Brittney Poolaw Is Spending Four Years In Prison. Because She Had A Miscarriage.
Brittany Poolaw has already spent 18 months in jail. Earlier this month, she was convicted of manslaughter and sentenced to four years in prison.
Having a miscarriage.
It's all fucked
Do the facts support sending Ms. Poolaw to prison? No, no they do not.
But does the law support Ms. Poolaw's criminal conviction? Also no.
Before we begin, a quick fact: between 10 and 15 percent of all pregnancies end in miscarriage.
Okay, now we can continue.
In January 2020, Brittney Poolaw, an indigenous Oklahoma woman, was 19 years old. She had been around 17 weeks pregnant when she suffered a miscarriage.
Rather than treat her like the young woman going through a traumatic event that she was, the hospital reported her to the authorities. By May, she was in jail.
It's unclear whether Ms. Poolaw had even decided to continue her pregnancy when she miscarried. She was one of the 53 percent of Oklahoma women who live in a county with no abortion providers — and state law requires pregnant people to go to two different appointments, at least 72 hours apart, to have an abortion. The costs of travel, taking off work, and the procedure itself make abortion access all but impossible for many poor and lowe-middle-class people to access.
At 17 weeks gestation, Ms. Poolaw could still legally obtain an abortion in Oklahoma. And the state's manslaughter and murder laws don't apply to miscarriages. But last year, the state supreme court okayed child neglect charges for a pregnant woman who used drugs after fetal viability. So, although Ms. Poolaw's fetus was nonviable, here we are.
Autopsies are rare and expensive. And Ms. Poolaw's fetus was undeniably not viable. But Comanche & Cotton County District Attorney Fred Smith apparently decided there was no better use of taxpayer dollars than performing an autopsy on a nonviable fetus and criminally prosecuting a woman for miscarrying.
The fetal autopsy found congenital abnormalities, placental abruption, and chorioamnionitis, any of which could have caused a miscarriage. The autopsy also found amphetamines in the fetus's system.
There is no evidence that amphetamines cause miscarriages or stillbirths. Every single major medical and public health organization, including the American Medical Association, American College of Obstetricians and Gynecologists, and American Academy of Pediatrics, opposes the criminalization of miscarriage for pregnant people struggling with substance use and addiction. But let's just do it and be legends, am I right, DA Fred Smith?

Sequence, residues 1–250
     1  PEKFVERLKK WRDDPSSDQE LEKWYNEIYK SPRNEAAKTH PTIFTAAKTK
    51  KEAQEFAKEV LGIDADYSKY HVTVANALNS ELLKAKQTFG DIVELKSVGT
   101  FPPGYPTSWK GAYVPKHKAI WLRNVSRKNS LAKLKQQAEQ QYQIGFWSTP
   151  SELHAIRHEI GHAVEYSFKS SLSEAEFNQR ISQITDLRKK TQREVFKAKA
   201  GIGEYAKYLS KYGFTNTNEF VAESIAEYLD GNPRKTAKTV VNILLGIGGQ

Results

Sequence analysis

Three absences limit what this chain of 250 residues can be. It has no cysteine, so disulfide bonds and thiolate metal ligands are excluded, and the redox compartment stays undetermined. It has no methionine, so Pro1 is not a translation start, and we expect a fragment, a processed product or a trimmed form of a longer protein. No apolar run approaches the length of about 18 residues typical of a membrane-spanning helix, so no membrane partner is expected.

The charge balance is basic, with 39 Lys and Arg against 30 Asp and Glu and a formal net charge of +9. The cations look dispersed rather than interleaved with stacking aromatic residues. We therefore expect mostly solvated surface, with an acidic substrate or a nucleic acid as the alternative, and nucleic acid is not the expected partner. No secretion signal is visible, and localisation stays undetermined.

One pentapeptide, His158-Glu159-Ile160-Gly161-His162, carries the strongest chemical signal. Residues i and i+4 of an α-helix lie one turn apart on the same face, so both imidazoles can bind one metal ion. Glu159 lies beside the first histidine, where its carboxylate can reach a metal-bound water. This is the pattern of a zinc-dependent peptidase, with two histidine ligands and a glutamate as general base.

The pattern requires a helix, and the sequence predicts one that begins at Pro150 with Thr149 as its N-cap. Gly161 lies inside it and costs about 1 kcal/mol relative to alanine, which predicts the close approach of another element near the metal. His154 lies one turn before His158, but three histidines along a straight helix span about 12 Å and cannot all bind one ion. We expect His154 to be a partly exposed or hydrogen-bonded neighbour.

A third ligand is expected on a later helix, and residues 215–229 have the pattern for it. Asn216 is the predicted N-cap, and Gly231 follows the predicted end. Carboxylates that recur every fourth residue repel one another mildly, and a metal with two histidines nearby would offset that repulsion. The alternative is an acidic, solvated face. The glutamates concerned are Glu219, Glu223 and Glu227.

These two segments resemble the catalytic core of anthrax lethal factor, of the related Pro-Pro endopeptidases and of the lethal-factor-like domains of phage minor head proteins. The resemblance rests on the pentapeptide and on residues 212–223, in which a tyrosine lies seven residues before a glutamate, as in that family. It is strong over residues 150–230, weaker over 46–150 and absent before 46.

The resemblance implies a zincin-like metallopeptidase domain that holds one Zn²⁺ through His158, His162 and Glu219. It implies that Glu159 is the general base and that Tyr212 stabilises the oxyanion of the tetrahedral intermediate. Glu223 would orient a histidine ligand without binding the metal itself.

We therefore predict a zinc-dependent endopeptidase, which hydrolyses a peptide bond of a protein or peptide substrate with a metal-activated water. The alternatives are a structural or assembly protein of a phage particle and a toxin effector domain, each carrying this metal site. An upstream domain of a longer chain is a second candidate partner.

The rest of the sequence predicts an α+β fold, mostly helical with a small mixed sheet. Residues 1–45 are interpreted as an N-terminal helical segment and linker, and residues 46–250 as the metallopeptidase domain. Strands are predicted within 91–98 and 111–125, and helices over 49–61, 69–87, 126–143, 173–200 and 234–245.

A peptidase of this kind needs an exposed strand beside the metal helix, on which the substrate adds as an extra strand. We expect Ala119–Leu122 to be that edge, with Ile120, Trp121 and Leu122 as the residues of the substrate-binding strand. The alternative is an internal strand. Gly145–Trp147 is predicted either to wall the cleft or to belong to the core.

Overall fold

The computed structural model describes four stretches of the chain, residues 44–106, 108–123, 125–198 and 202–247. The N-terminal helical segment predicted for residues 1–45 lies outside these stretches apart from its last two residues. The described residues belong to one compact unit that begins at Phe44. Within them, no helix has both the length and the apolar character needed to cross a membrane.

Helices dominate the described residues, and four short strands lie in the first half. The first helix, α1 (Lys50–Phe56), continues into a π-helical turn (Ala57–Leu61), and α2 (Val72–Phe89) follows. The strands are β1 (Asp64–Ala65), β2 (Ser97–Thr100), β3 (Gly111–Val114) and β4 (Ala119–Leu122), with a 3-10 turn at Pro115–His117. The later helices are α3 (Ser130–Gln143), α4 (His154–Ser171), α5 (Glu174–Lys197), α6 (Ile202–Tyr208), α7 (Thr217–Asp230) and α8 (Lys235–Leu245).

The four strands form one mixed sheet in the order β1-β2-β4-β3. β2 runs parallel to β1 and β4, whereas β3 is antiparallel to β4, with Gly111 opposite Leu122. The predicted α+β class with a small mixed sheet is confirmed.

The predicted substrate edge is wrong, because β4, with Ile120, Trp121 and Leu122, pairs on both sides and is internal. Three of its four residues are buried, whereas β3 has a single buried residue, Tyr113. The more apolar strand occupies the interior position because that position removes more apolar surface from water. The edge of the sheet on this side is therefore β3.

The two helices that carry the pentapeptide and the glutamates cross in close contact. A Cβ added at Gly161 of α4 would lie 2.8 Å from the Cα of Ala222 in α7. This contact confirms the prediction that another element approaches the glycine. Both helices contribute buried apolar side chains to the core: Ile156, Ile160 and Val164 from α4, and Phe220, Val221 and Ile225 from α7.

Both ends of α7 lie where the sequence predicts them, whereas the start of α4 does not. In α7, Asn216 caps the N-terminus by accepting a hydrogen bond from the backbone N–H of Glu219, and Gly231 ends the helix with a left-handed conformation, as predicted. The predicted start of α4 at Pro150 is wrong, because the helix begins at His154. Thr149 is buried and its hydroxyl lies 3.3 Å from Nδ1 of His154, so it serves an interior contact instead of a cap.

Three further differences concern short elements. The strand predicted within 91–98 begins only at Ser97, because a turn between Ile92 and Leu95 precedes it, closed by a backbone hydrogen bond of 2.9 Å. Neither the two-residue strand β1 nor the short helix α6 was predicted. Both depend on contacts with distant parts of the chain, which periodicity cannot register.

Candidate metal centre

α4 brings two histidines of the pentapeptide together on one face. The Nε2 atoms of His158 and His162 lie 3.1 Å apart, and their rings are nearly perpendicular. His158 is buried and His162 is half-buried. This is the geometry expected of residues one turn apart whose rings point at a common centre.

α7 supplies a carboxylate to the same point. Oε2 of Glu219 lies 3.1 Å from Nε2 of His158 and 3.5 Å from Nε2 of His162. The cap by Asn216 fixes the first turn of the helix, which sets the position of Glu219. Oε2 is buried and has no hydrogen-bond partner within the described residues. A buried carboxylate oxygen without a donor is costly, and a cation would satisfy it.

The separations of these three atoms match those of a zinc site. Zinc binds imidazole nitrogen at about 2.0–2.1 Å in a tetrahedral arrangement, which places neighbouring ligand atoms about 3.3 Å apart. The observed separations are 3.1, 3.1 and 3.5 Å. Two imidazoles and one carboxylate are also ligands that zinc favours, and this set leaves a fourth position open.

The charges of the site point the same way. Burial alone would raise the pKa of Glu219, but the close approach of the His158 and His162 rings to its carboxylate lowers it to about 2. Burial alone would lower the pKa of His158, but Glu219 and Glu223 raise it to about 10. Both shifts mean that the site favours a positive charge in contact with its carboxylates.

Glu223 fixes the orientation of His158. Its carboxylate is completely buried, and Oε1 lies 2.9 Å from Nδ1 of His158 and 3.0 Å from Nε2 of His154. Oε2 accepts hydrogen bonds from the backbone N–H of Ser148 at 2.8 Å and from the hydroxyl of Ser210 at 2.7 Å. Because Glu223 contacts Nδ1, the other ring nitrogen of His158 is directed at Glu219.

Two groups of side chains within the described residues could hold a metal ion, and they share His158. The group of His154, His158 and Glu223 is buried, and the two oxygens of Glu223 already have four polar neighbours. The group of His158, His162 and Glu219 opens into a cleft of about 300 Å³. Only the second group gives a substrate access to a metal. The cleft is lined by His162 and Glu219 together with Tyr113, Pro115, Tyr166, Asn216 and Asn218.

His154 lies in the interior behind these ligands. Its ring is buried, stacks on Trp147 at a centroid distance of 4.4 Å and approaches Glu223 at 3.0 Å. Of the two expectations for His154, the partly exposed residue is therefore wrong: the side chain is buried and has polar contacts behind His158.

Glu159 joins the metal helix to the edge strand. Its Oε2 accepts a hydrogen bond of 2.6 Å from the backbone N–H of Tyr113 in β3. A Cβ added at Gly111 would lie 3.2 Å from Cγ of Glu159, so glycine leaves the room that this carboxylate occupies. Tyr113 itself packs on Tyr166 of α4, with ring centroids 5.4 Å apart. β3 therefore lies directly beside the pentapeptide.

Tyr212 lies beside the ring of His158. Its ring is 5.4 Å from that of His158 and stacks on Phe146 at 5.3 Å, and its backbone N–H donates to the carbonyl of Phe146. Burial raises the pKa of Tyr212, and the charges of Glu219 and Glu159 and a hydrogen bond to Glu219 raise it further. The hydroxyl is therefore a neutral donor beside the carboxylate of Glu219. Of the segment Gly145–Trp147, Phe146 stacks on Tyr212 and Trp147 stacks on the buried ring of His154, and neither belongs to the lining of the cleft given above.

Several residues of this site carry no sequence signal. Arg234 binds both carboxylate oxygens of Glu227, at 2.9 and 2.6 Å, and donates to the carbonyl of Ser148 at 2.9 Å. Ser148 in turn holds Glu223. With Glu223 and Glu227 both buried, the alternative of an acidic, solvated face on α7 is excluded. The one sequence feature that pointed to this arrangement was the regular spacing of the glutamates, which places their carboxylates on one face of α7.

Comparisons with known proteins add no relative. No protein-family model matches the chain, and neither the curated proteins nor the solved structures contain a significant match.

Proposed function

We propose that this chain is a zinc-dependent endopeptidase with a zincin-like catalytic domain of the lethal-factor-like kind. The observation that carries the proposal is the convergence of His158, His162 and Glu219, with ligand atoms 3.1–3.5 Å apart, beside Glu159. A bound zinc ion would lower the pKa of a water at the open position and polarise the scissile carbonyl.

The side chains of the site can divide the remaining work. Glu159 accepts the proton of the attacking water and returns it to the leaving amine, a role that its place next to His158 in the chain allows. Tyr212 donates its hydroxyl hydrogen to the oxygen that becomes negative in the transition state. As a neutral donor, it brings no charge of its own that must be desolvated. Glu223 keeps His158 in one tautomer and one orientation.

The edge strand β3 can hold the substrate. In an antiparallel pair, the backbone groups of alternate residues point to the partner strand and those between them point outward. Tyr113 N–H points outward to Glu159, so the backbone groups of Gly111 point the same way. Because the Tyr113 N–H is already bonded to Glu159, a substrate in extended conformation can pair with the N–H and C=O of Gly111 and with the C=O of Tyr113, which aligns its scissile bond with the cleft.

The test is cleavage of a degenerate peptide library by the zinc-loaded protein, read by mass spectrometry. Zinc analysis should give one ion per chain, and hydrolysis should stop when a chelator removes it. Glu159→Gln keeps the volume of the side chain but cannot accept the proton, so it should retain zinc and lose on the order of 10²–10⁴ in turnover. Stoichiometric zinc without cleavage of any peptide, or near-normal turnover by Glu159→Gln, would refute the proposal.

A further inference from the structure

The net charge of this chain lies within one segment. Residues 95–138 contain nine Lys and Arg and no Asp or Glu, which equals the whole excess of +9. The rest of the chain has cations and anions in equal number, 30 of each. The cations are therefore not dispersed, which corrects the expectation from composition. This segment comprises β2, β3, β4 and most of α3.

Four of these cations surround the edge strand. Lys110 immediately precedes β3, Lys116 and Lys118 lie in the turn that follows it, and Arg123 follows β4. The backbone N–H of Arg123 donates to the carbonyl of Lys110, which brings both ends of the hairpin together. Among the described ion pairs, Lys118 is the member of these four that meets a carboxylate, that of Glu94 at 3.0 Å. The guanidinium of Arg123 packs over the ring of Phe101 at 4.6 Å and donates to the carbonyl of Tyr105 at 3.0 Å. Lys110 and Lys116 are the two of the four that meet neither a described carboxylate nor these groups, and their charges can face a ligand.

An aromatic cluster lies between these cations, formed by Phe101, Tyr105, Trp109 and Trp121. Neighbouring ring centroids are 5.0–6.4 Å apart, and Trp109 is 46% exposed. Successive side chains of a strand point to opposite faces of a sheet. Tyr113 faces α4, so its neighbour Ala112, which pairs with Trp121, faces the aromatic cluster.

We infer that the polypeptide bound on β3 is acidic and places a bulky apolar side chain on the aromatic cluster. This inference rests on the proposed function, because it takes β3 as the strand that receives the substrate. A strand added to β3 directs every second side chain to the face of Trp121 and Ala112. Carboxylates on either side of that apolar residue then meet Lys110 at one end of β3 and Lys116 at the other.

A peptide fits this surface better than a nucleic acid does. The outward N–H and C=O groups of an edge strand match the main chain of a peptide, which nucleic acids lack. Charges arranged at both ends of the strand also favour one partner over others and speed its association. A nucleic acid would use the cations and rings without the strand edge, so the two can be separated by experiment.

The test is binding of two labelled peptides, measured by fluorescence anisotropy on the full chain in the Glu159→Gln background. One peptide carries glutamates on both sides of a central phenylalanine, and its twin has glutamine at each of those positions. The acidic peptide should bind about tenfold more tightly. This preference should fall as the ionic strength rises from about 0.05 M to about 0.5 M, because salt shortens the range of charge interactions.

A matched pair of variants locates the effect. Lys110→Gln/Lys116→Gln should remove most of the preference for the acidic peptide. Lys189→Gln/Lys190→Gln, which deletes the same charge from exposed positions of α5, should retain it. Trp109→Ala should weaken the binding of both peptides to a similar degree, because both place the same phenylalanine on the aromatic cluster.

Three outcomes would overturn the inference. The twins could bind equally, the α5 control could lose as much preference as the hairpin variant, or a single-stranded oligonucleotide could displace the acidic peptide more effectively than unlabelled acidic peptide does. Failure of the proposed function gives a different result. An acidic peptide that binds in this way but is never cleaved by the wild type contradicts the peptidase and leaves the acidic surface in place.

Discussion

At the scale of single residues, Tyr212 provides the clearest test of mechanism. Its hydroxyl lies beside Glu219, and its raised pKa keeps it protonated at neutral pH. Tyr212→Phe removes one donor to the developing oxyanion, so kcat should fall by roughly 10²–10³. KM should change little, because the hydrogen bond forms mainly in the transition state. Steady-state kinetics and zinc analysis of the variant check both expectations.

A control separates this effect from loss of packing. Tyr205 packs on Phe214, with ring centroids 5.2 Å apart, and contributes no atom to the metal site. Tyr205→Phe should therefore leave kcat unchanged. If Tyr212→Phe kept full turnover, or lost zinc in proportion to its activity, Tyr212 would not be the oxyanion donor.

The medical examiner's report doesn't even blame drug use for Ms. Poolaw's miscarriage. And at trial, even the state's experts admitted on the stand that methamphetamine might not have been the reason Poolaw miscarried.
"No expert at trial stated that her drug use caused the miscarriage," says Dana Sussman, deputy executive director for the National Advocates for Pregnant Women. "It's a confounding case on many levels."
Nonetheless, after a trial that lasted a single day, jurors in rural Comanche County took under three hours to convict the young, Native American woman of manslaughter.
Brittney Poolaw is not alone
For years, people have been skeptical and called me an alarmist when I told them that (1) Roe is in danger; and (2) criminalizing abortion also results in the criminalization of pregnancy. Well, guess what? Roe is about to be overturned — and we're already sending women to prison for miscarrying.
Persecuting women for miscarrying is apparently something prosecutors in Oklahoma do for funsies all the time. National Advocates for Pregnant Women notes that "Ms. Poolaw's case is just one example of the troubling trend we are documenting in Oklahoma that replaces compassion and respect with criminal prosecution."
In the last several years, NAPW has found that "Oklahoma prosecutors, especially in Comanche and Kay Counties but also in Craig, Garfield, Jackson, Pontotoc, Payne, Rogers, and Tulsa counties have been using the State's felony child neglect law to police pregnant women and to seek severe penalties for those who experience pregnancy losses."
Oklahoma is not alone. Since 2006, there have been at least 1,200 women prosecuted for miscarriages or stillbirths. In Alabama, Marshae Jones was charged with manslaughter for losing her baby after someone shot her five times in the stomach. Even in California, women have been charged with murder for losing pregnancies.
Criminalizing pregnancy is wrong. Full stop. But Ms. Poolaw's case is also an example of who prosecutors go after for miscarrying. Hint: It's not well-off white women.
When pregnancy is criminalized, it is poor women of color who go to prison. It's also poor women and women of color who die having unsafe abortions, and when hospitals refuse to induce miscarriages.
We've said it before and we'll say it again: We have a very small window, right now, to protect women and pregnant people. The criminalization of pregnancy is already happening — and it's going to exponentially increase after our fascist, woman-hating Supreme Court overturns Roe in Jackson Women's Health Organization v. Dobbs next summer.
When Roe is overturned these prosecutions will skyrocket. Some women will die. Others will spend the rest of their lives in prison.
We only have a few months to try to save our country and save lives. Congress needs to codify Roe. States need to codify Roe. And politicians — including judges — need to know that they are going to face very serious consequences if they say more than half the population has no right to bodily autonomy.
We really aren't all that far away from going full Handmaid's Tale. The time to act is now.
For many women, the nightmare can still be stopped. But Brittney Poolaw's nightmare has only just begun.
Happy 2021 Pregnancy & Infant Loss Awareness Month, y'all.
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